In an effort to reduce healthcare costs, the U.S. has succeeded in getting the length of hospital stays for myocardial infarction (MI) down, but the tradeoff may be in higher readmission rates, according to a study that compared 30-day MI readmission rates in the U.S. and 16 other countries. The study in the Jan. 4 issue of the Journal of the American Medical Association found that patients in the U.S. had the shortest median length of stay but also had a 68 percent increased risk of being readmitted within a month.
Robb D. Kociol, MD, an advanced fellow in heart failure and transplant at Tufts Medical Center in Boston, and colleagues conducted a post-hoc analysis of 5,571 patients with ST-segment elevation MI (STEMI) who were enrolled in the Assessment of Pexelizumab in Acute MI trial between 2004 and 2006. Their objective was to study international variation in practice to identify predictors of 30-day readmission.
The primary endpoint was 30-day post-discharge all-cause hospital readmission and the secondary endpoint was 30-day post-discharge non-elective readmission, which excluded elective percutaneous coronary intervention (PCI) and coronary artery bypass grafting (CABG) surgery.
The researchers found that overall 11.3 percent of the patients were readmitted within 30 days. The U.S. had the highest rate, at 14.5 percent compared with 9.9 percent for all other countries. When readmissions for elective PCI or CABG were excluded, the U.S. still had the highest rate, at 10.5 percent compared with 7.7 percent.
Sixty percent of patients in the U.S. remained in the hospital for three days or less while only 15.9 percent of patients in the other countries were discharged within that window. Slightly more than half of the patients in other countries stayed in the hospital for six days or more, compared with 16.6 percent of patients in the U.S.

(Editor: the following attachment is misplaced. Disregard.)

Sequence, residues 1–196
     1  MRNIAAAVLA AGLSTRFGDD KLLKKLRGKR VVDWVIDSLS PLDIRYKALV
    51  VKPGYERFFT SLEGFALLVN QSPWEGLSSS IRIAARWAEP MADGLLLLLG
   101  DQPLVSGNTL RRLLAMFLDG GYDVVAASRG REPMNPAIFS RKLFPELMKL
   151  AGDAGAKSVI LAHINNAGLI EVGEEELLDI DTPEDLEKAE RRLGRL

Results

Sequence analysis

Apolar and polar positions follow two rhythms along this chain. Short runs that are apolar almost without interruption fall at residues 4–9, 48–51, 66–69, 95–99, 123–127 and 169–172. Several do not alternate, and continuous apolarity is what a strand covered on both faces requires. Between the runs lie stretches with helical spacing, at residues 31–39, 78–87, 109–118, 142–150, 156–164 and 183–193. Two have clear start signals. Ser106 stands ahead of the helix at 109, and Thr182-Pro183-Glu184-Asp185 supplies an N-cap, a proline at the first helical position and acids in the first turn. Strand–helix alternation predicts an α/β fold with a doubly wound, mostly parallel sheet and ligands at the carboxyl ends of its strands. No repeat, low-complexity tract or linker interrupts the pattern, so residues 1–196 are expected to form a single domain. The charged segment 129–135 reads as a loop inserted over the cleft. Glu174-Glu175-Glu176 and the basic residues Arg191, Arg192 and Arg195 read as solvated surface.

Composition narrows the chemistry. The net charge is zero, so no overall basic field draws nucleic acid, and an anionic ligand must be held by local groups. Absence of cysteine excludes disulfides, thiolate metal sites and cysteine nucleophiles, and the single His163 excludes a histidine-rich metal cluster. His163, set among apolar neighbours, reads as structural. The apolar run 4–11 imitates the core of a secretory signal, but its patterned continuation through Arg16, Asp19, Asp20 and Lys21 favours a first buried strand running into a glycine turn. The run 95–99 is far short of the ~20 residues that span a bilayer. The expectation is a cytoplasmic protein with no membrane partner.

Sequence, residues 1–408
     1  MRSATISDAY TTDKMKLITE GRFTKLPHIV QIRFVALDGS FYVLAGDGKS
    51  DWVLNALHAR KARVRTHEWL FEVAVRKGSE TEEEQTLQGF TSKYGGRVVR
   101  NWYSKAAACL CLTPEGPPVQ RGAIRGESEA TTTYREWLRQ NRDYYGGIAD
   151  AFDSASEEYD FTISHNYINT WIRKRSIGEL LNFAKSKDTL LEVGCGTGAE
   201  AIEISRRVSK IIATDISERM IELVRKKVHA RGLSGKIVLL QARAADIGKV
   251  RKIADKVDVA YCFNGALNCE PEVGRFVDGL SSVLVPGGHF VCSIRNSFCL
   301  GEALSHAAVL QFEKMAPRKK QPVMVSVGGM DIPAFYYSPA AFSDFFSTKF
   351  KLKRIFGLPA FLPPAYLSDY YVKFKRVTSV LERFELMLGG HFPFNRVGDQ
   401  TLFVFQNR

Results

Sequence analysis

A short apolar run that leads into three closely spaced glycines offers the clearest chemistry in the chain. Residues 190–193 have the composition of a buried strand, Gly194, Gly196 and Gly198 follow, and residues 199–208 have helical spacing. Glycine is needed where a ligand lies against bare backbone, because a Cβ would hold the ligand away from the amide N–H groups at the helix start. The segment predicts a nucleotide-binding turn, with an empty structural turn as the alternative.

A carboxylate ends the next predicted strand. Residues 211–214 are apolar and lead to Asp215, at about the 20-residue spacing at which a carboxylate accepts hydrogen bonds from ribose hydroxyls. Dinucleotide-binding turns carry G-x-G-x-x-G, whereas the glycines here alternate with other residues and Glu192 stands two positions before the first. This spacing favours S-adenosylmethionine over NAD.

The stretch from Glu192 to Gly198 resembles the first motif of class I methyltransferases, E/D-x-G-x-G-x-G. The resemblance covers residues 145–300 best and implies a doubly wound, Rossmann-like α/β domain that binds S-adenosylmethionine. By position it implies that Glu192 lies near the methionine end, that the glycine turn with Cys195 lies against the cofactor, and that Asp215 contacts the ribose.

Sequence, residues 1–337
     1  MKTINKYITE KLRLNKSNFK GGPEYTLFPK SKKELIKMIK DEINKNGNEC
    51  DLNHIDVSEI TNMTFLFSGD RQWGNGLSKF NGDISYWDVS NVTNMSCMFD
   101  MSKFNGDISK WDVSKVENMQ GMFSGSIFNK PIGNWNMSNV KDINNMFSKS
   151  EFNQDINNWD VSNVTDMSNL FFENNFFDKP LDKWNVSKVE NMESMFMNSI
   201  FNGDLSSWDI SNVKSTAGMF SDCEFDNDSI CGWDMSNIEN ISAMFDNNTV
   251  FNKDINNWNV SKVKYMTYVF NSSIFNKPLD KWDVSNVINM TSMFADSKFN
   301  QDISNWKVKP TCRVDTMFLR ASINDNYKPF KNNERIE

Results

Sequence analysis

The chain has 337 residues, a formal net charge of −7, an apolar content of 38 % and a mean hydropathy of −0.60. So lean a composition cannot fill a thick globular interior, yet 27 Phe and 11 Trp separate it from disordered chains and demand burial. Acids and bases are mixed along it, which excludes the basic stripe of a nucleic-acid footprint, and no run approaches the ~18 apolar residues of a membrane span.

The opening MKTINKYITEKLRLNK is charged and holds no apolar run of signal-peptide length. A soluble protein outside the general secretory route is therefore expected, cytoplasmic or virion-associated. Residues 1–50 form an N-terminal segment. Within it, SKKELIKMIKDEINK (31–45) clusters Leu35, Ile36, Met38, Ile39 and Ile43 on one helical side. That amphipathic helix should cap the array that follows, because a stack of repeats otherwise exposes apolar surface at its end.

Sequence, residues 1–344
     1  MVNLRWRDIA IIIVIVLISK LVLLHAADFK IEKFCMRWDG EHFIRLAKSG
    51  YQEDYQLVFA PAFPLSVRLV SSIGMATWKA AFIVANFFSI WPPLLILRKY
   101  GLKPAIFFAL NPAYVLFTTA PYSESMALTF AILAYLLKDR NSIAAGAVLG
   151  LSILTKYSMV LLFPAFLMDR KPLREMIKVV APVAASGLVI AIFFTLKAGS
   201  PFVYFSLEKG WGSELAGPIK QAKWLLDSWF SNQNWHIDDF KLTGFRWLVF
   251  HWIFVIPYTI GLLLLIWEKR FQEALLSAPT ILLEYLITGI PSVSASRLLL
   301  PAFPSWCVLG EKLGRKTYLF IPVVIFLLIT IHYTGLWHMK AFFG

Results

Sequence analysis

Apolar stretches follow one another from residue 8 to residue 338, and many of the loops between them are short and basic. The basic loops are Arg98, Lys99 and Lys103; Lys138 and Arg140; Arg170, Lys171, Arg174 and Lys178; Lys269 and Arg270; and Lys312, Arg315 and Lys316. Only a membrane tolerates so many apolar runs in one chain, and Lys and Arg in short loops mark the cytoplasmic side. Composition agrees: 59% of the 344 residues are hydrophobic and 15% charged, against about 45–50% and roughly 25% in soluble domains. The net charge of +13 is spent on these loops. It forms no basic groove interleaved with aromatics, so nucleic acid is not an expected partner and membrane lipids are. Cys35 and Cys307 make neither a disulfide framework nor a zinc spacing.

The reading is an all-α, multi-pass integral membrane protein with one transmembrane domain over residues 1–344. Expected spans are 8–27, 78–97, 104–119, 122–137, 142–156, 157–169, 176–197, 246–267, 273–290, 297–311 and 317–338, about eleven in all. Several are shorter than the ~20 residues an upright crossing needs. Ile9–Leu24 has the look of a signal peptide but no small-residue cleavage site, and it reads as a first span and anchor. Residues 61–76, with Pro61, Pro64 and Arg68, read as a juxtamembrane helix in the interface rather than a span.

Having multivessel disease was the strongest predictor of 30-day all-cause readmission, followed by being in the U.S. Patients with multivessel disease were almost twice as likely to be readmitted while U.S. patients had a 68 percent increased chance of being readmitted.
Even in an analysis that excluded elective readmissions, U.S. location remained an independent predictor of readmission. But after adjusting for country-level median length of stay, Kociol and colleagues reported U.S. location no longer was a predictor of all-cause or non-elective readmission.
“These data raise the possibility that higher readmission rates in the U.S. may be an adverse effect of the short LOS [length of stay] practice,” the authors wrote. “A consequence is that patients become eligible for readmission closer to the index event, when risk of subsequent events is still elevated. “
The authors acknowledged that despite their efforts to adjust for confounding factors, the country-level length of stay may reflect differences in practices across countries. They also noted that the trial from which they drew data used a selected patient population and may not be generalizable to a broader MI population.
“Our analysis shows that readmission maybe preventable because rates are nearly one-third lower in other countries, suggesting that the U.S. healthcare system has features that can be modified to decrease readmission rates,” they wrote. “Understanding these international differences may provide important insight into reducing such rates, particularly in the U.S.”
They cautioned more research should be done to ensure that efforts to balance index hospital stays and readmissions don’t adversely affect efficiency, outcomes or overall use of healthcare resources.